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Protective Immunity Against SARS-CoV-2 Short-Lived as Seasonal Coronavirus Can Reinfect People Every Year

By HospiMedica International staff writers
Posted on 16 Sep 2020
New research studying immunity to coronaviruses similar to SARS-CoV-2 suggests that the duration of protective immunity against the novel coronavirus may be short-lived and COVID-19 is likely to become seasonal.

There is limited evidence of re-infection after exposure to SARS-CoV-2, although re-infection by coronaviruses is widely believed to occur, according to a report by Medical Xpress. In order to understand the length of immunity to re-infection so as to prepare for future waves of SARS-CoV-2 infection, researchers examined four strains of human seasonal coronavirus - HCoV-NL63, HCoV-229E, HCoV-OC43 and HCoV-HKU1 - that cause respiratory tract infections. The team led by Dr. Lia van der Hoek, of Amsterdam University Medical Center (Amsterdam, The Netherlands) attempted to find out how often seasonal coronavirus infections occur by examining 513 serum samples of 10 healthy adult males that were collected at regular intervals since the 1980s. The researchers measured the increases in antibodies to the nucleocapsid protein - an abundant coronavirus protein - for each seasonal coronavirus with an increase in antibodies being considered as a new infection.

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The team found three to 17 coronavirus infections per patient, with re-infection times between six and 105 months. The researchers found frequent re-infections at 12 months after the initial infection. Additionally, blood samples collected in the Netherlands during the months of June, July, August and September showed the lowest rate of infections for all four seasonal coronaviruses, indicating higher frequency of infections during winter in temperate countries. The researchers believe that SARS-CoV-2 could follow a similar pattern after the pandemic.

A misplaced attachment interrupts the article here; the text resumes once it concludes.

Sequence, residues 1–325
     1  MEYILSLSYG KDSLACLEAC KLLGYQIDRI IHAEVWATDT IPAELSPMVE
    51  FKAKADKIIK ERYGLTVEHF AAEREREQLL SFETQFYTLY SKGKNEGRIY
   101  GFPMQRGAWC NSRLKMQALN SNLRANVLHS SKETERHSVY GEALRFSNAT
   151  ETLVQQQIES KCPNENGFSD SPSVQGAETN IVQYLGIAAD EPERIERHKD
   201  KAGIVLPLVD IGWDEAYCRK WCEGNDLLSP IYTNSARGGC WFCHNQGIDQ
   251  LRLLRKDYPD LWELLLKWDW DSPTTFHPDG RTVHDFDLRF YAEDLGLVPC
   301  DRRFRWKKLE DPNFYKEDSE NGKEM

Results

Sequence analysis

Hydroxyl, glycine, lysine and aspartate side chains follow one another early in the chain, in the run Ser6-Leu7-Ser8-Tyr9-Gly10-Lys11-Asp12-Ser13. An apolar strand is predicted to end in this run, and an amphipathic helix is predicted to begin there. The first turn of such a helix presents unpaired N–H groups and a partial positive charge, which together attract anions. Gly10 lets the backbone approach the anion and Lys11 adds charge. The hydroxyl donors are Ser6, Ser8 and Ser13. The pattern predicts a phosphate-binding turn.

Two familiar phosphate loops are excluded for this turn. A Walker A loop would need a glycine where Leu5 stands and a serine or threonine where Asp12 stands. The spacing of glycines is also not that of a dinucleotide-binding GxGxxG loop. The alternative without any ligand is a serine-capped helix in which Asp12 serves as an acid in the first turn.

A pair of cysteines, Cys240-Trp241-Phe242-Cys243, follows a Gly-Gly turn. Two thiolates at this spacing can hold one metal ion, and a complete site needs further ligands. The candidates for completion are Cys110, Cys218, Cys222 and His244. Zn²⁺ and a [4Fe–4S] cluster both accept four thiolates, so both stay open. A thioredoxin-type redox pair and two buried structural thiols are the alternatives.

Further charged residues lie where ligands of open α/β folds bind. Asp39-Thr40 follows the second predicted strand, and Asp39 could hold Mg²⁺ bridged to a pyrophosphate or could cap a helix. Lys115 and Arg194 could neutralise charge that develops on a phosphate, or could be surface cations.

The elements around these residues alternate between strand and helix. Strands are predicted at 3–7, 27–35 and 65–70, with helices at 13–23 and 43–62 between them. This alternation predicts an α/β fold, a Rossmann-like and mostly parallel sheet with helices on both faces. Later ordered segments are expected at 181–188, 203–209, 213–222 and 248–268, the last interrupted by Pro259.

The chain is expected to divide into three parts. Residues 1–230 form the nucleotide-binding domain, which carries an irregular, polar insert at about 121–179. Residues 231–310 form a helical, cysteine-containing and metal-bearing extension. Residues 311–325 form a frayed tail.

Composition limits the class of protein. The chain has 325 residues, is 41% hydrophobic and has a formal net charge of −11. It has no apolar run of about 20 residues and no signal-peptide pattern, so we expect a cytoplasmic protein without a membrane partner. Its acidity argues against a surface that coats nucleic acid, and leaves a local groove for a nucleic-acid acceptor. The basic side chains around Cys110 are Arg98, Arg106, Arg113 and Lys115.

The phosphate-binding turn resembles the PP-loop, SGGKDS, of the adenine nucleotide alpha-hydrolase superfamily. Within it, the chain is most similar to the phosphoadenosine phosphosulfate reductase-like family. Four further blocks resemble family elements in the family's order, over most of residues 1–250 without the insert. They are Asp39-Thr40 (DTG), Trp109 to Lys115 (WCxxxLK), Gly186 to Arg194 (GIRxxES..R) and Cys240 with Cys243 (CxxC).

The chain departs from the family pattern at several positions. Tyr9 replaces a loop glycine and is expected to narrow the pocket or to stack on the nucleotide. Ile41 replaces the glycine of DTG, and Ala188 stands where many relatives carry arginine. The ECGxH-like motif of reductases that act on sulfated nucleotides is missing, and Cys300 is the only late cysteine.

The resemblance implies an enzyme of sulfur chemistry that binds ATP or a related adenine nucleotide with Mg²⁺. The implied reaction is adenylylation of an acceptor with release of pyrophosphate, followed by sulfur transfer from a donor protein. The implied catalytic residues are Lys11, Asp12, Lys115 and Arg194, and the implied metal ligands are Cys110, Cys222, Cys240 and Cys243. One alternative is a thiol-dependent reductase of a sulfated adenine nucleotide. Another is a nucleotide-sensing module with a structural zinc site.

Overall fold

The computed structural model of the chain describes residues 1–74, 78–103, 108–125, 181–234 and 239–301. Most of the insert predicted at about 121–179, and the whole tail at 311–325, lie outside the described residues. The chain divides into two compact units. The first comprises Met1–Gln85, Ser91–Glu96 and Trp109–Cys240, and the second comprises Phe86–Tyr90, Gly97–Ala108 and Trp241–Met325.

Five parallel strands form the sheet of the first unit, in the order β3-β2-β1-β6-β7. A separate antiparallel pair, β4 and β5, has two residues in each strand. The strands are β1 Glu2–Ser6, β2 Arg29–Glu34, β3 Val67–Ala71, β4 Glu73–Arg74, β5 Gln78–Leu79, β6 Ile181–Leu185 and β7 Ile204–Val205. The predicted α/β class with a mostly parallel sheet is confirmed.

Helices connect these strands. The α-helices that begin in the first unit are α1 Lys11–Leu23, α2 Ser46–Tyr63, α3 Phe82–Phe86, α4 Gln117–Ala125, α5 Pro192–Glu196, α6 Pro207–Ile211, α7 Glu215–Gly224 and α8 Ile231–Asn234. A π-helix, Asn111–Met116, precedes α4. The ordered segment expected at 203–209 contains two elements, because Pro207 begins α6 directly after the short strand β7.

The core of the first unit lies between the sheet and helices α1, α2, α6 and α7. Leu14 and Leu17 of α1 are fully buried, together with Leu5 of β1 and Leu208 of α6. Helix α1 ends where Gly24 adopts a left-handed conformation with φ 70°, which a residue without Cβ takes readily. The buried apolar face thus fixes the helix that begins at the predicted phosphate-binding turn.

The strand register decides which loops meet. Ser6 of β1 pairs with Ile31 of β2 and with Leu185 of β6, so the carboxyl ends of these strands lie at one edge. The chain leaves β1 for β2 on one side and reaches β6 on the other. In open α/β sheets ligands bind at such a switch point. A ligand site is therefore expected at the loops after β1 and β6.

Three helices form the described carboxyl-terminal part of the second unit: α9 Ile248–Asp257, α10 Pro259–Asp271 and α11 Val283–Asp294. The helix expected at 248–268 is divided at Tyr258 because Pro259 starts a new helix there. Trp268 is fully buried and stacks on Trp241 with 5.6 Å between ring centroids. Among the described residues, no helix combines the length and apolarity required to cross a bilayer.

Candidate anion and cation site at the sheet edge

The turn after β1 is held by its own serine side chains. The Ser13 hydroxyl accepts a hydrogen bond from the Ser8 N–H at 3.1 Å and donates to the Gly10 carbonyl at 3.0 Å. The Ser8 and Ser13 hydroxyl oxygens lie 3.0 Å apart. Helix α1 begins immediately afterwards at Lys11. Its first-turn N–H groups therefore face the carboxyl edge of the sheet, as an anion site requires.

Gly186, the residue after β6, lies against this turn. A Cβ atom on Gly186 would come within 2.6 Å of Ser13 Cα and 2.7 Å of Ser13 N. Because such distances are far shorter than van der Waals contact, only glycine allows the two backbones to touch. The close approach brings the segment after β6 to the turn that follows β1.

Another study has suggested that the novel coronavirus will become a seasonal virus in countries with temperate climates once herd immunity is attained, although COVID-19 will continue to spread across the seasons until then. The study authors have noted that similar to SARS-CoV-2, other respiratory viruses also follow seasonal patterns, particularly in temperate regions. However, COVID-19 has a higher rate of transmission than other respiratory viruses such as the flu, and hence, unlike the flu and other respiratory viruses, the factors governing seasonality of viruses will be unable to halt the spread of COVID-19 in the summer months. Nevertheless, the transmission rate of COVID-19 should decline significantly once herd immunity is achieved through natural infections and vaccinations, making the SARS-CoV-2 virus more susceptible to seasonal factors.

“COVID-19 is here to stay and it will continue to cause outbreaks year-round until herd immunity is achieved,” warned study senior author Hassan Zaraket from the American University of Beirut (Beirut, Lebanon). “Therefore, the public will need to learn to live with it, and continue practicing the best prevention measures, including wearing of masks, physical distancing, hand hygiene, and avoidance of gatherings.”

Related Links:
Amsterdam University Medical Center
The American University of Beirut



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